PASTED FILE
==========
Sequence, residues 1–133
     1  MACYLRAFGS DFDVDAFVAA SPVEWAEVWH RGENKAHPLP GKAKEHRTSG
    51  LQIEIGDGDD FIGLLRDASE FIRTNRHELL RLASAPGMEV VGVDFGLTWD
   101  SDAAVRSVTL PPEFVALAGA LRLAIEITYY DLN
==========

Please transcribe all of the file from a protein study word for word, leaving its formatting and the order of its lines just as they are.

Sequence, residues 1–133
     1  MACYLRAFGS DFDVDAFVAA SPVEWAEVWH RGENKAHPLP GKAKEHRTSG
    51  LQIEIGDGDD FIGLLRDASE FIRTNRHELL RLASAPGMEV VGVDFGLTWD
   101  SDAAVRSVTL PPEFVALAGA LRLAIEITYY DLN